Java is slowly showing up on just about everything. In the last few years Java has shown up on cell phones and now automobiles (in-car computers). What good would Java be in the car be? Java could control in-dash navigation, air conditioning, entertainment, downloadable horn tones, and other functions. Already Sun has signed on with BMW for there series 100, 300, 500 and 600 series.
Having secured a niche for Java in cell phones, Sun is setting its sights and server ambitions on a new client device: cars.
Sun's success in the server market hasn't helped it elbow Microsoft aside in personal computers. Microsoft's Windows, and not Sun's Java, is used as the programming foundation of choice in desktops and notebooks. But PCs aren't the only "client" device that people use to tap into network services. "Clients are back," Jonathan Schwartz, Sun's chief operating officer, told JavaOne attendees here on Monday. "They're touch points between a university and hospital and patients, between drivers and automobile companies, between subscribers and handsets. The evolution of that market (is) beginning to bubble back."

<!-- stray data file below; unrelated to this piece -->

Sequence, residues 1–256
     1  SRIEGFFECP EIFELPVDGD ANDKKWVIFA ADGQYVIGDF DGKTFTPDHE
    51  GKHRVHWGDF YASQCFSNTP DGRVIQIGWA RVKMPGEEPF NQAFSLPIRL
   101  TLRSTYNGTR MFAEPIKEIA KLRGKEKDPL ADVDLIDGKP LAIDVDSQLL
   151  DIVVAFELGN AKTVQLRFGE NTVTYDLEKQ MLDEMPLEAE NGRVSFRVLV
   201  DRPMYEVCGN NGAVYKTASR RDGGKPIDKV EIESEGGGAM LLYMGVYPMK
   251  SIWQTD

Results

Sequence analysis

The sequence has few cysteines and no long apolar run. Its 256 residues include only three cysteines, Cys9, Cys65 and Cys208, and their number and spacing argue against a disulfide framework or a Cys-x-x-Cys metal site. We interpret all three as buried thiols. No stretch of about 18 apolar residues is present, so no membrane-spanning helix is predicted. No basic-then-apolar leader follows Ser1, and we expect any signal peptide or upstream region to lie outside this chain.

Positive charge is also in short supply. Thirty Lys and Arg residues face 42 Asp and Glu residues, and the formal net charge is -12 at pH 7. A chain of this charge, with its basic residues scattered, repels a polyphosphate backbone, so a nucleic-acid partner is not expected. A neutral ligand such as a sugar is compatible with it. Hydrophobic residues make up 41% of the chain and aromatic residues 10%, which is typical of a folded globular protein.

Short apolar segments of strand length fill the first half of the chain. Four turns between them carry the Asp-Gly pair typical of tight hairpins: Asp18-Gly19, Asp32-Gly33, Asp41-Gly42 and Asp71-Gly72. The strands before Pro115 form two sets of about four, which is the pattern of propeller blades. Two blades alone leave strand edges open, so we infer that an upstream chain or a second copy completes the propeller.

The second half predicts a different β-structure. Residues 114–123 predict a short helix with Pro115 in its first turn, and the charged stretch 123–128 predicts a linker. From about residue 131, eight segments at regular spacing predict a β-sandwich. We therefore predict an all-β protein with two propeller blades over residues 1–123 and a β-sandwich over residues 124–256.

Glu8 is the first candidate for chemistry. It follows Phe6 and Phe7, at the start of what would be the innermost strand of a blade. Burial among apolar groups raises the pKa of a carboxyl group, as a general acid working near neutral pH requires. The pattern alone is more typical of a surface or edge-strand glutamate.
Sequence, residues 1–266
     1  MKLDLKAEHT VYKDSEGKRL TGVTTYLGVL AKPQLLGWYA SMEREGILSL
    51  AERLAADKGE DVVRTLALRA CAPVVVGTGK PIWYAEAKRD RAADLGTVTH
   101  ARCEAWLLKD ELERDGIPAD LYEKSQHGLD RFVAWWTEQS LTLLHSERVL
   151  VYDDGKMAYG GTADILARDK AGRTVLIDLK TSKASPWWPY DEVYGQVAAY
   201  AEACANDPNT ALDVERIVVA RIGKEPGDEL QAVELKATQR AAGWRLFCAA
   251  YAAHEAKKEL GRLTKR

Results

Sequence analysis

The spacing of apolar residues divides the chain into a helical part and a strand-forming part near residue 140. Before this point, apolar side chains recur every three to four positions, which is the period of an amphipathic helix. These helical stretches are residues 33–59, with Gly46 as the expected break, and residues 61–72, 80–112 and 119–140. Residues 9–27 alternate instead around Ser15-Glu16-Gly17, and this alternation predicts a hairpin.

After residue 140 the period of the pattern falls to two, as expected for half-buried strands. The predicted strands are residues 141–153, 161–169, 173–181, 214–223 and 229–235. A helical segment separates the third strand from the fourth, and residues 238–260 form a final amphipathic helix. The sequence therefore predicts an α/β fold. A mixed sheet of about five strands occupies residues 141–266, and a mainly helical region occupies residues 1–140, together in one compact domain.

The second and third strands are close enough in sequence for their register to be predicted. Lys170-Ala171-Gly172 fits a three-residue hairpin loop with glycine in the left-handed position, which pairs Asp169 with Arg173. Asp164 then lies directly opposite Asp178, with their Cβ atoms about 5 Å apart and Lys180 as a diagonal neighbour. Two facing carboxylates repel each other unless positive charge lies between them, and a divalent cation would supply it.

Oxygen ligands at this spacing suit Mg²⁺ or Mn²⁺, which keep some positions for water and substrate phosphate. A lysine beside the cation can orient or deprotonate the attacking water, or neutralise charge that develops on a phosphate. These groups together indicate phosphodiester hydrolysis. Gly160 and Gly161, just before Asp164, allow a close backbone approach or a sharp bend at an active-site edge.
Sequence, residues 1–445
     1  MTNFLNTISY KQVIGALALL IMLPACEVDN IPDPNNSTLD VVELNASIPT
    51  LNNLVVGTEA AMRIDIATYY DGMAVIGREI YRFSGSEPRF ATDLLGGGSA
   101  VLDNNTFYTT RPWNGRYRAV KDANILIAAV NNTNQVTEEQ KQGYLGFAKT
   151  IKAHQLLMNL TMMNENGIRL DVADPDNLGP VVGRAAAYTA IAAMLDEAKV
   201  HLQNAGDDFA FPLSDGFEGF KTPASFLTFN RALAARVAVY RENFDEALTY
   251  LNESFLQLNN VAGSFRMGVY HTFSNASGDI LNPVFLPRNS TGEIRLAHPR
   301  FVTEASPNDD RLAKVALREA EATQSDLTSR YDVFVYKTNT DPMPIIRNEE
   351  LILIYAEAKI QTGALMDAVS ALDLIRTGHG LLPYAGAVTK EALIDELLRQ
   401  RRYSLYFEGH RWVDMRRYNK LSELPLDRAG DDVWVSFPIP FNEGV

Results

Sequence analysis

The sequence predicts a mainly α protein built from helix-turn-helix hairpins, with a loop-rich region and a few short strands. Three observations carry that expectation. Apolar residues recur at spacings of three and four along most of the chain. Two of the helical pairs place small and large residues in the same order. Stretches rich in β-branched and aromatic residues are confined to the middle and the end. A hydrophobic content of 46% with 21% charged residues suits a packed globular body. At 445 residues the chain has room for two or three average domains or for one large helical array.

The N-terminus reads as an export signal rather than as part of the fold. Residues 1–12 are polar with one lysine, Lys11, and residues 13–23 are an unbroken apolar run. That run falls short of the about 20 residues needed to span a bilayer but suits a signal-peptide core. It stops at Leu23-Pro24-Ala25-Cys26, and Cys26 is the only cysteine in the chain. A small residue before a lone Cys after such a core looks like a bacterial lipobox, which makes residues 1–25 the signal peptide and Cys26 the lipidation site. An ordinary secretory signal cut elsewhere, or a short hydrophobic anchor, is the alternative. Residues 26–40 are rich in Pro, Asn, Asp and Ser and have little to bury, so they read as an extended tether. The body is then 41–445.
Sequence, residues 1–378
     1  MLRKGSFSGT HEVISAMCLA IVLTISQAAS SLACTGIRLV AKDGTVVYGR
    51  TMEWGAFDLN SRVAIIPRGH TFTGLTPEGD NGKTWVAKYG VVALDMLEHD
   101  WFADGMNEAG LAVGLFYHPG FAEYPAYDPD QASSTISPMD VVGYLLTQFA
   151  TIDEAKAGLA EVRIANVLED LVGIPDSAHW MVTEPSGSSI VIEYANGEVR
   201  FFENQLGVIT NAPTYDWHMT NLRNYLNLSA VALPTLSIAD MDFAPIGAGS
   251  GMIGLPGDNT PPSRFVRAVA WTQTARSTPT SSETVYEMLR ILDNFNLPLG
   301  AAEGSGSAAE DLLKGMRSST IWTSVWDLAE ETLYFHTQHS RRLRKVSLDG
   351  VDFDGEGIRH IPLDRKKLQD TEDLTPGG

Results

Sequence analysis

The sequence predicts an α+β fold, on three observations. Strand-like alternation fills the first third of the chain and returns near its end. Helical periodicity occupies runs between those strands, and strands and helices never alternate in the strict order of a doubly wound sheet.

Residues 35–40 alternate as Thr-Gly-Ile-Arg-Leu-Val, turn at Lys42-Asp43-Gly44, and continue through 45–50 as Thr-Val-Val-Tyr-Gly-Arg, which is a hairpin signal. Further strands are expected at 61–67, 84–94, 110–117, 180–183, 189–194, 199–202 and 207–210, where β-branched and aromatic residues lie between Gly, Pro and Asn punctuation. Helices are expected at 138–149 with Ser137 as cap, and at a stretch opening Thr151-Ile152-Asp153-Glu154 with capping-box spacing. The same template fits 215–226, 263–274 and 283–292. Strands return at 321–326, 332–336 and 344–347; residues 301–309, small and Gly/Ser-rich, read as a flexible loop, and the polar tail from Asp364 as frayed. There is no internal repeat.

Java has become the leading platform for games on cell phones, and Sun is looking to repeat that success in in-car computers. Schwartz told the JavaOne crowd that in a meeting with an automobile company he had been discussing the $3.5 billion market for ring-tone downloads for cell phones when a younger executive suggested, "We could make downloadable horn tones to an automobile." After the initial burst of laughter at the meeting died down, Schwartz commented: "Do you know a 17-year-old who would pay $5 for a new horn tone on his dashboard? I do."
News source: C|Net News.com